Third Party Subpoenas

*****Disclaimer: This is not legal advice and is for educational purposes only. This does not create an attorney-client privilege.

Rodriguez Law Group, Inc. March 7, 2022

The third-party subpoena is a very important and powerful tool in your arsenal to use in litigation. A third-party subpoena is a court document that can compel an individual or entity who is not even a party to the case in question to contribute information to the case.

A subpoena can function in a few different ways. One type of subpoena is a subpoena to appear. This type can compel someone to appear and testify under oath for a case that they themselves are not even a party to. Another type would be to produce records and sometimes testify about them in person as well.

It is becoming ever more common for parties to a case to issue subpoenas to gather the necessary information for their lawsuits from non-participating parties. That information may comprise witness testimony, documents, and/or even onsite inspections of property. The parties or litigants must use subpoenas issued pursuant to either the state or federal version of Rule 45 of the Rules of Civil Procedure in order for them to legally compel the party to appear or produce the records in question.

Third-party subpoenas are typically issued to non-litigants by the attorneys representing one or the other party in the lawsuit. Although the attorney does not need get the Court’s permission prior to issuing the subpoena, Rule 45 does contain some provision meant to protect the subpoenaed nonparties from undue burden and other potential abuses of the subpoena process.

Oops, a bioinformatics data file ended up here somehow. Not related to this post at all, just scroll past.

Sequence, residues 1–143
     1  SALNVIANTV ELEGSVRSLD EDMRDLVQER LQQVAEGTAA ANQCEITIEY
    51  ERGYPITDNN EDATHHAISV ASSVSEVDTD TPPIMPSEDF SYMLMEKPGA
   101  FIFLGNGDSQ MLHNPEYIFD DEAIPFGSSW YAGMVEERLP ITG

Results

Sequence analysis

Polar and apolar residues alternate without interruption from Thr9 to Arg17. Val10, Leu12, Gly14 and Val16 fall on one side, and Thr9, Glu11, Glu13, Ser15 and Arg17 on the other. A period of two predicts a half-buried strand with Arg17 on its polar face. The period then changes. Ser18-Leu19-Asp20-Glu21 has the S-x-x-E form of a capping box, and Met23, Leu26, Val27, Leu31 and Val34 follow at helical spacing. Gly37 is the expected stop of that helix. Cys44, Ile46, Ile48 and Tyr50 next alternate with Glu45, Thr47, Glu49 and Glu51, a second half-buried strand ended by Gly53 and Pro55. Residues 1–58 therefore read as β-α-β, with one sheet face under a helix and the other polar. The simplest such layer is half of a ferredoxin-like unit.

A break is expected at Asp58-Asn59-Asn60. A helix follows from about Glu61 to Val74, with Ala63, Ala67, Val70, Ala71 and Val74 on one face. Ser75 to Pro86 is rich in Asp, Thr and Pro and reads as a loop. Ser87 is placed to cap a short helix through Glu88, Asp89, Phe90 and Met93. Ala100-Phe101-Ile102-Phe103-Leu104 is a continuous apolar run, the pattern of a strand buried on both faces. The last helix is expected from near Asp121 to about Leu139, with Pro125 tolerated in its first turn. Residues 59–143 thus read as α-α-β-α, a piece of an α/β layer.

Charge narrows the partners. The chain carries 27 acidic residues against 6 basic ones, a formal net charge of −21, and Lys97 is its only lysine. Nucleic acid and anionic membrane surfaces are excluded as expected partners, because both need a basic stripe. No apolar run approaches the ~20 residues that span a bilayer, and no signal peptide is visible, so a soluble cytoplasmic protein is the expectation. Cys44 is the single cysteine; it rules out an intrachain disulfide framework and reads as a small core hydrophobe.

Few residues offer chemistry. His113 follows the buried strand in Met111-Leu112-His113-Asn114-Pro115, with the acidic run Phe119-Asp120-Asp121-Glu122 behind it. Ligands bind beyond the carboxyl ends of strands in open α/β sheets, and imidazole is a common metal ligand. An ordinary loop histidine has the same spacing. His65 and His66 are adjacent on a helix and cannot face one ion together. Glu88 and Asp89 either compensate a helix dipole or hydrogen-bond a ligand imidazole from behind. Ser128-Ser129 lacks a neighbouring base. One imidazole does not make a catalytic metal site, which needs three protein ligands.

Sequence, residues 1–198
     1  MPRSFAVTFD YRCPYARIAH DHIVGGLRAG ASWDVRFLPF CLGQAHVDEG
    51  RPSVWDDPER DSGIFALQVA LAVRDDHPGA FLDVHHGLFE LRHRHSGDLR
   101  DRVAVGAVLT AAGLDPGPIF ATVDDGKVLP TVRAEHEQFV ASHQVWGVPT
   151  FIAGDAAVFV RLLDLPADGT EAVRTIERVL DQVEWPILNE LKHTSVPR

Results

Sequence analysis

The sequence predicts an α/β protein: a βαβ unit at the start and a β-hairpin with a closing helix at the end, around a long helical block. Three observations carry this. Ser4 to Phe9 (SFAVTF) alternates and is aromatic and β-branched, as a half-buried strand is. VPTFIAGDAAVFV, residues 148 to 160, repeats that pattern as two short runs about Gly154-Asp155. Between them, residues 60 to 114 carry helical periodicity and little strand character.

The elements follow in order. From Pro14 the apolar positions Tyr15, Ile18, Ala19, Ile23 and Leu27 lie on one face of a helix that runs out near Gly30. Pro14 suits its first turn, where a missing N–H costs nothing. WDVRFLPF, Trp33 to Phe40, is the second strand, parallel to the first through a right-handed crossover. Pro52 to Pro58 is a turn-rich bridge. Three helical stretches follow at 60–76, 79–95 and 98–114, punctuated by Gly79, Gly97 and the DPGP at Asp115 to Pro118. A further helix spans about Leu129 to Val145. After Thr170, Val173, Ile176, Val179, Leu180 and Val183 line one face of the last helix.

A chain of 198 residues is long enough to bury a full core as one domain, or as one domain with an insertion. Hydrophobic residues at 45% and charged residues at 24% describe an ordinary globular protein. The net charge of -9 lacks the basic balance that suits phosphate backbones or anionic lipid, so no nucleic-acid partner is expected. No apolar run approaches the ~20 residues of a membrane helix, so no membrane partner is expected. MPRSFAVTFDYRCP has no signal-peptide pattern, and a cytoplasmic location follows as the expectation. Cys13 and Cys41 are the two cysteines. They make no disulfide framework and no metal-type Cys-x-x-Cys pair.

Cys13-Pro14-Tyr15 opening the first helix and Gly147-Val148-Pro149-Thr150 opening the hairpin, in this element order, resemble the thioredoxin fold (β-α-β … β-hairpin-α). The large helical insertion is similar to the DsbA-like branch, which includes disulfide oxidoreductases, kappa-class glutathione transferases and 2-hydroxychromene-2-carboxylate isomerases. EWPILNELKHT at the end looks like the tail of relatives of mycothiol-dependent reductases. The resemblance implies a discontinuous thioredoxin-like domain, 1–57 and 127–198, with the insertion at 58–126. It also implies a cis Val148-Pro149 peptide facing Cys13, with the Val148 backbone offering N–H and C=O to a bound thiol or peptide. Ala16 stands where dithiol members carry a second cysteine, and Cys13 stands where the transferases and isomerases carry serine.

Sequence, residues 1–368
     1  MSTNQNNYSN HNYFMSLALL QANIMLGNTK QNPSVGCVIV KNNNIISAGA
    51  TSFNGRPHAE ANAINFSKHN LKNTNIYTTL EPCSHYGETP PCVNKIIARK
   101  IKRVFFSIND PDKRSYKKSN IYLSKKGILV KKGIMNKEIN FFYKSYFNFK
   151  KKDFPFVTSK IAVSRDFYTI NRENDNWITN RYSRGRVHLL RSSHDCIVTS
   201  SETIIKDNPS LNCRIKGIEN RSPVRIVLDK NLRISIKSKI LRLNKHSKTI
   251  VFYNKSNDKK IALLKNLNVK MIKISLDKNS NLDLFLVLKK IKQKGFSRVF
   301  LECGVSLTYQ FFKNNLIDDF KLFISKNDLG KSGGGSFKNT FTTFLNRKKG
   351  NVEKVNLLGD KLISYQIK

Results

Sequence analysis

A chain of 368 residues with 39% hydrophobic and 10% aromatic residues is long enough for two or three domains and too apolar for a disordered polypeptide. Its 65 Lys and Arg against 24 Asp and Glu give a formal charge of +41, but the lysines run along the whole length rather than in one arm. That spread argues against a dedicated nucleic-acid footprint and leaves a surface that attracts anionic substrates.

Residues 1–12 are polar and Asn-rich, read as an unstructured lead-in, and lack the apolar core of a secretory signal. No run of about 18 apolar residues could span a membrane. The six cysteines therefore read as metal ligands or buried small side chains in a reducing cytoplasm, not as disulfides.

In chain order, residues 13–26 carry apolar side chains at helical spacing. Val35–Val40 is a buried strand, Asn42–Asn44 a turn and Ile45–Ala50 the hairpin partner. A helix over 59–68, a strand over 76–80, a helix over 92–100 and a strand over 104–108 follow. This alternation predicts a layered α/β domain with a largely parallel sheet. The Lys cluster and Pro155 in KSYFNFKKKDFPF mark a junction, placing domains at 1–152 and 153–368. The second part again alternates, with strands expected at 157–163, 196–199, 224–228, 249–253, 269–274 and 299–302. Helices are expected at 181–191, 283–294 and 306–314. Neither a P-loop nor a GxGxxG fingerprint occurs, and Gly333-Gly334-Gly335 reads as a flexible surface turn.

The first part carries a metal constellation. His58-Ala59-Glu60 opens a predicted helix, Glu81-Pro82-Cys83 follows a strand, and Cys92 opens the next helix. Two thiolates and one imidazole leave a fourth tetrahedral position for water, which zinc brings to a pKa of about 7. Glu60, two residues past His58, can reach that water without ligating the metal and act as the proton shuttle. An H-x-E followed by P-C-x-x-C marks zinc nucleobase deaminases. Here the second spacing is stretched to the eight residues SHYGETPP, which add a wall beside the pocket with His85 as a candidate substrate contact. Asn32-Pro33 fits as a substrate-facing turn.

How an individual or company responds to a third-party subpoena will depend on what is being requested by the subpoena. But whatever the limits of the ultimate response will be, the subpoenaed party has an initial, affirmative obligation to locate, identify and preserve all relevant, potentially responsive information pending resolution of any objections or motions regarding the permissible scope of the subpoena. In the context of requesting documents from a corporation, for example, this obligation requires the subpoenaed corporation immediately to issue what’s called a “litigation hold” to all potential custodians of responsive documents to prevent those custodians from intentionally or unintentionally destroying relevant documents in their possession. So whether or not the party plans to object to the subpoena in question, they are legally obligated to preserve the documents in the meantime and can face legal ramifications if they are found to have destroyed evidence.

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